Exclusionary discipline in the virtual classroom

Today’s guest author is Lesley Butterfield, RN. Lesley works in the growing area of community health and serves on the Executive Committee of NAMI-Virginia. Lesley has four amazing children who are her heart and soul and they reside in the Roanoke area. Lesley is the owner of Open Doors Advocacy, which aims to empower parents in the IEP process.

My son is, Stryder, is in 5th grade. Stryder has autism, learning disabilities, auditory processing disorder, sensory processing disorder, and ADHD. This school year has been difficult for him to say the least. Stryder is in a hybrid model where he receives in-person instruction at school 4 days a week and on Wednesdays, he does virtual learning from home. The transitions are difficult for Strdyer because the expectations vary from setting to setting. Additionally, Stryder struggles with math and reading so during these subjects we tend to see increased behaviors that communicate he is challenged.

Last week, during his Wednesday virtual services, Stryder was kicked off his virtual math instruction for not putting away his worksheet and a toy after being asked by the teacher a few times to put the things away.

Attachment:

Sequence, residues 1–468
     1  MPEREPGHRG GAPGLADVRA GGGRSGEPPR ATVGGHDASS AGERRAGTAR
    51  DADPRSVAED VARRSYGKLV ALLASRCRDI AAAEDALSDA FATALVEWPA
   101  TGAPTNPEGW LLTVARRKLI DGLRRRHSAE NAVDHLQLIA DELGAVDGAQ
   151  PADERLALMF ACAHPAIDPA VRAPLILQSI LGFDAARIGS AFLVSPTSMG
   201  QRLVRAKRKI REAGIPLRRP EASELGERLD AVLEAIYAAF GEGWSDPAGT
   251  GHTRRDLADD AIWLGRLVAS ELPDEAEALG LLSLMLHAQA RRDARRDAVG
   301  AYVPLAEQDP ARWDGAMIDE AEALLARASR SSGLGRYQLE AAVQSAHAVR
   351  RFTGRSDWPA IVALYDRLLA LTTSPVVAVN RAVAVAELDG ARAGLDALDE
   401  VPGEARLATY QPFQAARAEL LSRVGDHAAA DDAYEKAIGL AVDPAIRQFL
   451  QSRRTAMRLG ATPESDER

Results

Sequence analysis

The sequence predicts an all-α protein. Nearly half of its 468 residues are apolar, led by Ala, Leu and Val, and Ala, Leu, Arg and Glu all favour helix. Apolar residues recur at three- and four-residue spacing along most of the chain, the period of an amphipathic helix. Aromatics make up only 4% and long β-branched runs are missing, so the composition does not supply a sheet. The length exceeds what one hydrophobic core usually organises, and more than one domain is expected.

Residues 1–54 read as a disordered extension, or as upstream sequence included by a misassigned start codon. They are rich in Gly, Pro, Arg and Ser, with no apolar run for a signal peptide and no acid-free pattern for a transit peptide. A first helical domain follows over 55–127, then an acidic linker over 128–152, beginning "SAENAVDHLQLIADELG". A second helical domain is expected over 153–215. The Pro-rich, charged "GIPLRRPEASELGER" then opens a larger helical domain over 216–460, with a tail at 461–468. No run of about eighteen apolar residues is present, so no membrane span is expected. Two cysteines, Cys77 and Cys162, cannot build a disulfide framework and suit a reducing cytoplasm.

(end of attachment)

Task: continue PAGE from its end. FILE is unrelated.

The principal came in the virtual meeting and threatened that if he would not listen then they would kick him off.

And they did.

For the remaining 45 minutes of the math instruction, Stryder was crying, saying he “didn’t mean to” and desperately trying to get back into his math class.

As a parent, I was immediately confused that his teacher did not communicate with me that there was even a problem at all.

This is a daily instructional service given in his IEP due to his learning disability in math. Stryder also has a behavioral plan that was not followed, but in fact, the opposite was done: his IEP services were taken away as a form of punishment.

I am still bewildered and speechless, wondering how and why any school administrator or teacher thinks it is EVER ok or acceptable to lock a student out of an online class especially when these services are allowed to my child by his rights under IDEA.

Make no mistake about it, what happened to Stryder was virtual seclusion and it should never happen to any student let alone, the most vulnerable and highest need of student populations.

I immediately followed up with an email and a phone call with the school about this incident. I will add that I do feel his case manager has been helpful. I expressed my concerns that FAPE was denied to my child and that virtual seclusion is never ok. We agreed that that the IEP team will need to look at updating his behavioral plan to include a virtual setting contingency plan. It will need to include measures for helping with virtual learning, particularly when he has behaviors related to difficult tasks.

As a parent who has extensive experience in the advocacy process, I am preparing solutions to bring to the table with the IEP team to decrease Stryder’s behaviors before they start. That is the key! I am also mentally preparing myself to move forward with resolve to keep educating others on the damaging effects of seclusion in any form.

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